Thirdly, exams themselves need to change. Exams have only become longer, making it almost impossible to focus for the allotted time. These exams make up to 80% of a student’s grade, meaning that the result of an entire year’s worth of learning is decided on one day. The only thing this has taught me is how to write by hand quickly. This system clearly does not reflect the world of work those students will soon be entering. Advanced Higher English was my favourite subject I ever studied because the exam was only worth 40% of my grade. The rest of the year was spent writing about my favourite author for a dissertation and getting support to try creative writing for my portfolio. It was the only subject I took in sixth year that made me feel motivated and gave me a certain degree of freedom. I understand the importance of exams, but would argue that we should be putting more of a focus onto projects, allowing students time and resources to research their own interests and learn things they otherwise wouldn’t. Most projects I did in school were written up under exam conditions anyway, so there would still be a level of equality across all students. This would also be much less stressful, spread the work out over the year, encourage more independence and growth, and better reflect higher education systems and workplaces. It seems like the only logical move for a curriculum that aims to let students become individuals.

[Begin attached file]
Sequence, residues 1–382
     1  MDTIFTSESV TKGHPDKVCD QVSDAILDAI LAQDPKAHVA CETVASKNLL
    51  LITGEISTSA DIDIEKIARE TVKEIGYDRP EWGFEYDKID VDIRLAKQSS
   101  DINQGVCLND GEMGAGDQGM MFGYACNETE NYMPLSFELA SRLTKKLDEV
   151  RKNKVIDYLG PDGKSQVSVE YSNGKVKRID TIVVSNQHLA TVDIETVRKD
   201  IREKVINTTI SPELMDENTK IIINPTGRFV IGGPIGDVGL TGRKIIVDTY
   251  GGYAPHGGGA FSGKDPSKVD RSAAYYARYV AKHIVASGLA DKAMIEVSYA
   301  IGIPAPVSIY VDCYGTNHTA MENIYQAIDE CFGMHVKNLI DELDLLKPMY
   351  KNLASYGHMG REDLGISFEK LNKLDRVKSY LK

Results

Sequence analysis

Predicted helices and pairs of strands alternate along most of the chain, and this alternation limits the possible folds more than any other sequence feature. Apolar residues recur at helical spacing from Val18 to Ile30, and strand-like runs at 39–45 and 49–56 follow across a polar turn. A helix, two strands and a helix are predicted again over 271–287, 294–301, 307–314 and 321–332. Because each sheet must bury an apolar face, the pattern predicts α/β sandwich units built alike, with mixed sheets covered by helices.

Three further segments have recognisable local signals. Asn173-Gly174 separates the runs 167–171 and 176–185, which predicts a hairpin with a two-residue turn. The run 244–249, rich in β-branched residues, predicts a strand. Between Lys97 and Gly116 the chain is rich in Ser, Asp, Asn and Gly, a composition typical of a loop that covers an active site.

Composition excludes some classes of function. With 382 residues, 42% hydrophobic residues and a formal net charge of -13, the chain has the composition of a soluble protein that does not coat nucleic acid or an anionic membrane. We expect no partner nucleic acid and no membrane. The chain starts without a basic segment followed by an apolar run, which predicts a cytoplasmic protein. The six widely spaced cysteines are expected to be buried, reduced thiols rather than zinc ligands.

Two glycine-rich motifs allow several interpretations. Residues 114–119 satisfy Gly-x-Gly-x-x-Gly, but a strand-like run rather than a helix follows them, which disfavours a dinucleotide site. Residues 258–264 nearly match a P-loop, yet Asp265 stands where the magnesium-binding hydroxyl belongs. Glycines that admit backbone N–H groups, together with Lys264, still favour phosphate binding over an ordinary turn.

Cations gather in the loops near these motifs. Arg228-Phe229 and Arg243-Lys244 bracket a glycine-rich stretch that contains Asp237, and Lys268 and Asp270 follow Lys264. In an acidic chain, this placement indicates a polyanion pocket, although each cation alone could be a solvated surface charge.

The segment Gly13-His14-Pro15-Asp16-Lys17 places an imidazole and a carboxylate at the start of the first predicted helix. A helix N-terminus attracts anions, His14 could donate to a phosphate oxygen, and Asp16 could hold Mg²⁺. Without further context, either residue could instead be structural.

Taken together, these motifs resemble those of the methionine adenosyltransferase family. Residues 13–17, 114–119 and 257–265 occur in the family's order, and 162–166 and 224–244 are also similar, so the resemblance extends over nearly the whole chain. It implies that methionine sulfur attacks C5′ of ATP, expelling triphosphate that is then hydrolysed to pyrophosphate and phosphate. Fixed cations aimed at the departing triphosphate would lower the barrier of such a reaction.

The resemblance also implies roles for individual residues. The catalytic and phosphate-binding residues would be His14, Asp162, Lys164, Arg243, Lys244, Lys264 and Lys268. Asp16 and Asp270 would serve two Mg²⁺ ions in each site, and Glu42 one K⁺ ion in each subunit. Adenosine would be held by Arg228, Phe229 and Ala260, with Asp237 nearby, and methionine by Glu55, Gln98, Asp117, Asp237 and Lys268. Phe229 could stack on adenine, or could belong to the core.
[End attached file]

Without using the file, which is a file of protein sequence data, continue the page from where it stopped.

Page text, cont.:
Lastly, if we want to know the best changes to make to education, we need to talk to pupils! I was lucky to go to a good school with dedicated, encouraging teachers and leave with top grades, but my time was spent feeling stressed about trying to achieve marking scheme perfection and suffocating my own interests in favour of endless structure. There will be many who weren’t so lucky, and will have even more to say. Writing this now should only be the beginning of the conversation. Do surveys, petitions, panels, whatever it takes to make those in charge hear the voices of these young people. They are the ones who feel the consequences of our education system on a daily basis, and it is their lives we are trying to change for the better. Despite everything, these past few years have proven that this generation is one of action, and if the government wants to actually make the best changes, the youth of today won’t hesitate to tell you how.